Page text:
Even thou, "one revelation is not Buddha", it all comes down to this text I wrote for my father's funeral (here translated from Swedish and slightly revised):
My father, God and eternal life.This is essentially the conclusion of a thought process that started some time in my teens around the time a toke part in the Confirmation Training at our parish. Been brought up in an active parish, I have a active knowledge of the stories in the Bible. But at some point I started to question what I heard in church, "do I
What is God?
God is omnipresent. The love between us is always there and everywhere.
God is all-conquering. The love between us conquers all obstacles.
God is forgiving. The love between us, forgives our mistakes.
The love between us is God.
How can we live forever?
As we influence someone's life, we become part of the collective experience.
When we teach what we have learned, we will become part of humanity's collective knowledge, that future generations can rely on.
The collective experience and knowledge is the eternal life.
Dad lives on as part of God in eternity through the love, the experiences and lessons he gave us. Together with all who loved him, taught him and shared his experiences with him.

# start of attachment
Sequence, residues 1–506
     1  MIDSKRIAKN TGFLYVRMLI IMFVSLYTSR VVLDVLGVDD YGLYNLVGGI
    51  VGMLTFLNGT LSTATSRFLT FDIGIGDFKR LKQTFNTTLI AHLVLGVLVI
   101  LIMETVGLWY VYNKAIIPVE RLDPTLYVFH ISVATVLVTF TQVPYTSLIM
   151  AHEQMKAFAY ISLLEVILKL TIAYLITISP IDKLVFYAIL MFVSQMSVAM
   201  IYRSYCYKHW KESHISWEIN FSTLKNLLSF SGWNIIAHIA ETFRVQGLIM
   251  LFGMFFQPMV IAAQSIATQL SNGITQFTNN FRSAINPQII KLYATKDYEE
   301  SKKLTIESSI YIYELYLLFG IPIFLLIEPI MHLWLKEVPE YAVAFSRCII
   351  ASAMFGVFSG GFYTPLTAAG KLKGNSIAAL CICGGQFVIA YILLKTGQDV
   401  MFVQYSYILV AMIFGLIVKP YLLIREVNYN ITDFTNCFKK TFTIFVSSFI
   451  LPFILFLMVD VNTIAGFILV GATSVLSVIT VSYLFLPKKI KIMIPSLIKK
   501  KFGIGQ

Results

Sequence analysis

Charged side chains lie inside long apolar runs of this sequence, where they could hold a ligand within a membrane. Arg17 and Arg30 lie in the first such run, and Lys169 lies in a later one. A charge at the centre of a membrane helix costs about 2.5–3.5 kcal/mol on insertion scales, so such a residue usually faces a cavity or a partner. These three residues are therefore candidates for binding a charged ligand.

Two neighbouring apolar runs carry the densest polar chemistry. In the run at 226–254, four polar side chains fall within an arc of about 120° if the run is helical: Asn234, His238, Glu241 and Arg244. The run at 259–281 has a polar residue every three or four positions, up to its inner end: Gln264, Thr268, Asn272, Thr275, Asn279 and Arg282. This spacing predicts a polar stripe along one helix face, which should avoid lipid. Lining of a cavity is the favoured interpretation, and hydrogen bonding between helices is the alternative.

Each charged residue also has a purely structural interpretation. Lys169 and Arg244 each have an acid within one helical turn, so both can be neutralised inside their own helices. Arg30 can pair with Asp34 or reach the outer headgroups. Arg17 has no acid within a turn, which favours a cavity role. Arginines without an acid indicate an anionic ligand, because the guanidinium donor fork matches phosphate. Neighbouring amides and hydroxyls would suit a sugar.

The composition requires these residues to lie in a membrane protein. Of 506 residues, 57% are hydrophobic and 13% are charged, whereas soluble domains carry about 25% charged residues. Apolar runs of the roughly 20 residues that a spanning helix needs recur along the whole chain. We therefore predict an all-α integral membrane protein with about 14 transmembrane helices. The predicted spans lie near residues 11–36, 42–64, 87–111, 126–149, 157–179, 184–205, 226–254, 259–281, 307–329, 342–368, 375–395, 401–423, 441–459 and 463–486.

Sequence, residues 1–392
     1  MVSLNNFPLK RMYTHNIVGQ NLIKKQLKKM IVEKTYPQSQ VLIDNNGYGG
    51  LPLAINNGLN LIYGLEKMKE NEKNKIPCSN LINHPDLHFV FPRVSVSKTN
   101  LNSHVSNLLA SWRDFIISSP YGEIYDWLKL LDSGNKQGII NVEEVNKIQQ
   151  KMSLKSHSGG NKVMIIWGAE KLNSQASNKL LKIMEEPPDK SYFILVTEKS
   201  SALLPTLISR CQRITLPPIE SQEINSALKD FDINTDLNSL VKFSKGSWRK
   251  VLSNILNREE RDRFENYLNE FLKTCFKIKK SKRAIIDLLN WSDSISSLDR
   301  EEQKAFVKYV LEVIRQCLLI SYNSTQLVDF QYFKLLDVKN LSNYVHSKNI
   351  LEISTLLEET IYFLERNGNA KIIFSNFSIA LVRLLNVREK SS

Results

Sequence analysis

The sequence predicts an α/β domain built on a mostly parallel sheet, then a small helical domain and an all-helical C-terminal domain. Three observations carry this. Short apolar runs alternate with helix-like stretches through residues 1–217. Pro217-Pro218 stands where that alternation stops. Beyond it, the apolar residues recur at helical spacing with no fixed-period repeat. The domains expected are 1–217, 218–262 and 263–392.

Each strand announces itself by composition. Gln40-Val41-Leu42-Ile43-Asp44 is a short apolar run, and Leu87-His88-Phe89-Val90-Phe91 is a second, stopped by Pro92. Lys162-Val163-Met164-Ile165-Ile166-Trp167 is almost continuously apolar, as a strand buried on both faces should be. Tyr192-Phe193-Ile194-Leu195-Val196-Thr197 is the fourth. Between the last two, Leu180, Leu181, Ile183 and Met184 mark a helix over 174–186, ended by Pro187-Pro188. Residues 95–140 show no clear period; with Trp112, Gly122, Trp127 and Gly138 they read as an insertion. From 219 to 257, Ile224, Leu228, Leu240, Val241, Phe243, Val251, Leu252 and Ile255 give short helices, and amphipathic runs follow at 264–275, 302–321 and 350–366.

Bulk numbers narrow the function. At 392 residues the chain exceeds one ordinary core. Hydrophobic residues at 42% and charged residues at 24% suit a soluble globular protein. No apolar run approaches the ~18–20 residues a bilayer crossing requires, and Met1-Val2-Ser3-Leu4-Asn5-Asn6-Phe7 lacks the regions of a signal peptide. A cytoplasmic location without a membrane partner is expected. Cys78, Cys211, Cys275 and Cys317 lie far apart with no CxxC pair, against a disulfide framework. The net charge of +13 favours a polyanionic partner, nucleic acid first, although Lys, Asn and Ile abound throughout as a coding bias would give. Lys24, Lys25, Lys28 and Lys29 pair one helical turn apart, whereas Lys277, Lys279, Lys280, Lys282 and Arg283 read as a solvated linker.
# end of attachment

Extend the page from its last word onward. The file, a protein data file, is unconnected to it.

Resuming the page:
really believe, that what the pastor is saying in his sermon to be true?". I didn't.
After that insight I stopped going to church. But my interest for philosophy was still dormant, waiting for it to come to life years later.
For a few years now, my passion for science has been getting stronger and at present turning more to philosophy.
The "Core Questions In Philosophy (Elliott Sober)", that I'm reading at the moment, is my first take at classical western philosophy. Earlier I've read about Taoist and Buddhist philosophy. I like the Buddhist take, to questions things.
Do not believe in anything(simply) because you have heard it.This blog is me thinking out loud about what I read in the aforementioned "Core Questions..."
Do not believe in traditions because they have been handed down for many generations.
Do not believe in anything because it is spoken and rumoured by many.
Do not believe in anything(simply) because it is found written in your religious books.
Do not believe in anything merely on the authority of your teachers and elders.
But after observation and analysis, when you find that anything agrees with reason and
is conducive to the good and benefit of one and all then accept it and live up to it.
Buddha (Anguttara Nikaya Vol I, 188-193 R.T.S. ED)
Note added July 26th, 2013
To clarify, I don't consider there being an entity called “God”, but that the abstract feeling of love and compassion constitutes that what religious scripts have simplified as “God”. “Act's of God” are altogether different, as being events in of the natural world that previous generations have lacked the knowledge to explain and thous taking the easy way by accrediting them to “(the) God(s)”.